After six months, Chiusano was hired by Prudential in Boston. Later he went to Shearson Lehman. Eventually he became a registered investment adviser, working with hundreds of millions of dollars in pension funds. "I never thought to get into the tobacco business—it just happened," he says. An Italian-American born and raised in Brooklyn who later moved to Boston, he doesn't fit the typical cigar guy mold. "There was no Cuban ancestry, he doesn't have the Panama hat, he's a real numbers-cracking guy," says David Garafalo, owner of Two Guys Smoke Shop in Salem, New Hampshire.
When Garafalo's store was in Boston, Chiusano would smoke there, and after a trip to the Dominican Republic in 1995, Chiusano brought home a handful of unbanded Dominican cigars he had enjoyed on his trip. He made up his own cigar band using letterhead from his financial company and handed one to Garafalo. "I thought they were great," says Garafalo. "He said, 'I can get these.' I said, 'I'll take them—I want them all.'"
While all agreed the cigar was fine, there was some debate about the name. Those who didn't know Chiusano, or who didn't know that in Italian the "ch" becomes a hard "c," pronounced the word "chee-ooo-zhan-oh." The "h," as well as the "i," was lost, and the Cusano Hermanos cigar brand was born.
Like dozens of other entrepreneurs in the mid-1990s, Chiusano had entered the cigar business. Thirteen years later, unlike nearly all of them, he's still around.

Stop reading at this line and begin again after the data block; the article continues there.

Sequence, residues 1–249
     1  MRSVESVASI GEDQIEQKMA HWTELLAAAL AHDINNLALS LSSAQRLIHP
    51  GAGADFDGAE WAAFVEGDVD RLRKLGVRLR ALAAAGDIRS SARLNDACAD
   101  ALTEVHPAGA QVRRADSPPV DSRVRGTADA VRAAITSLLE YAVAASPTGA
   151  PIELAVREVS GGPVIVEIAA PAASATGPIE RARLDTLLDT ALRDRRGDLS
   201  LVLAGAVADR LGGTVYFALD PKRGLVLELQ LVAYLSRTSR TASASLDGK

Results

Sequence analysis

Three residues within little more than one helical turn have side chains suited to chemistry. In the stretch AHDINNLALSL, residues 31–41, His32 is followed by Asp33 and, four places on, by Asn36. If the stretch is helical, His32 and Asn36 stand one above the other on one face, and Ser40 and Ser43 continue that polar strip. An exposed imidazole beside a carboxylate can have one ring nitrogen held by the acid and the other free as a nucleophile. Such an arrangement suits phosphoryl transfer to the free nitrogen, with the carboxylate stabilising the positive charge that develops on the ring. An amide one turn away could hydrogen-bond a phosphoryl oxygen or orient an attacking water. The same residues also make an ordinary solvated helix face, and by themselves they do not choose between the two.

Cusano Hermanos begat many other Cusano cigars, including Cusano Corojos, Cusano 18s and Cusano Xclusivos. Some have received 90s in Cigar Aficionado. All have become known for their value—Cusano cigars provide a lot of bang for the buck. The Cusano 18 Double Connecticut Robusto, rated 89 points, is only $4.25, a steal for a handmade, fat, quality smoke. It's one of Cigar Aficionado's Best Buys of 2007.
"If you look at our very loyal fan base, it's the everyday smoker, not the weekend warrior," says Chiusano. "They say price is what you pay, value is what you get. You don't have to pay a lot to get great stuff."
Joe Chiusano, left, is a partner with his brother Michael in DomRey Cigar.
Chiusano slips back into his analyst mode often, and enjoys breaking down the cigar market into categories while making comparisons to other consumer products, such as cars. With pen and paper, he sketches the categories: such price-aggressive brands as Kia and Hyundai are near the bottom of the price spectrum; Toyota is in the price/value segment; Cadillac in the premium segment; and Lexus and Mercedes in the prestige segment. Cusano's handmade bundle cigars, which retail for $2.50 to $3.50 each, inhabit the price-aggressive segment, while his boxed handmades, at around $5 a pop, are the Toyotas of the cigar world. (Chiusano drives a Land Cruiser.) In cigar shops full of the tobacco versions of Lexus, Acura and the occasional Ferrari, his Toyota Cusano was sometimes a tough sell.
"A lot of stores didn't want to sell Cusano 18 because it's too good for the money," he says plainly. "Our [retailers] came to us and said, 'Make something more expensive—people who wear Rolex don't want to look at a Timex—they'll never find out how good you are.'"